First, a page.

Levenhookia stipitata - Common Stylewort
These little plants are closely related to the Trigger Plants (Stylidium), but differ by having an erect column that is partly covered by a hooded labellum (the fifth petal). Whereas with Stylidium, the column is bent and held below the 4 large petals and against the small fifth petal/labellum.
There are 11 Levenhookia species, which are only found across the lower half of Australia (WA, SA, Victoria, NSW and Tasmania). However 10 of these species occur in WA, with many being endemic to this region. Levenhookia stipitata is a WA endemic and occurs naturally from Kalbarri to the western edge of the Nullarbor; it is also found on the SA Eyre Peninsula, but has been introduced there (probably accidentally).
All Levenhookia taxa are small annuals, with L. stipitata growing to 10 cm (4”) in height and frequently occurring in congested colonies of many hundreds, if not thousands especially in sandy hollows. This habitat type is readily colonised by larger plants that will smoother these small Styeworts unless the area is burnt-off on a regular basis, as would have been done by Aborigines in pre-European times.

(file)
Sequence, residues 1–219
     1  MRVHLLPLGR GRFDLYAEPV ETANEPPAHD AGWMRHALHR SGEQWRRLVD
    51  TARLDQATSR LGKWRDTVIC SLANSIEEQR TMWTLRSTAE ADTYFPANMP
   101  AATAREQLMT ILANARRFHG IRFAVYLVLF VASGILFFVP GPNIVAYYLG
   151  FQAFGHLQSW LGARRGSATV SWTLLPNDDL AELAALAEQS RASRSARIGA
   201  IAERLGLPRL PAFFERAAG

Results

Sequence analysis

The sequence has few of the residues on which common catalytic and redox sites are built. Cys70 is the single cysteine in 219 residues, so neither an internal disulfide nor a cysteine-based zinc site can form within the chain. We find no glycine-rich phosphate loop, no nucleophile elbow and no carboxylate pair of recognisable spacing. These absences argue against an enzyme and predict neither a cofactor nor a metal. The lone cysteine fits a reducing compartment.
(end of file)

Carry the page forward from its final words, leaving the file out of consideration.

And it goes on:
In the locally favoured non-calcareous sandy heath habitat, Levenhookia stipitata is recorded flowering from August to January, but during unexpected periods of hot weather it will simply stop growing and concentrate on maturing its seed, although it will continue with new growth and flowers if favourable conditions return.
The genus Levenhookia is part of the Stylidiaceae (Trigger Plant) family.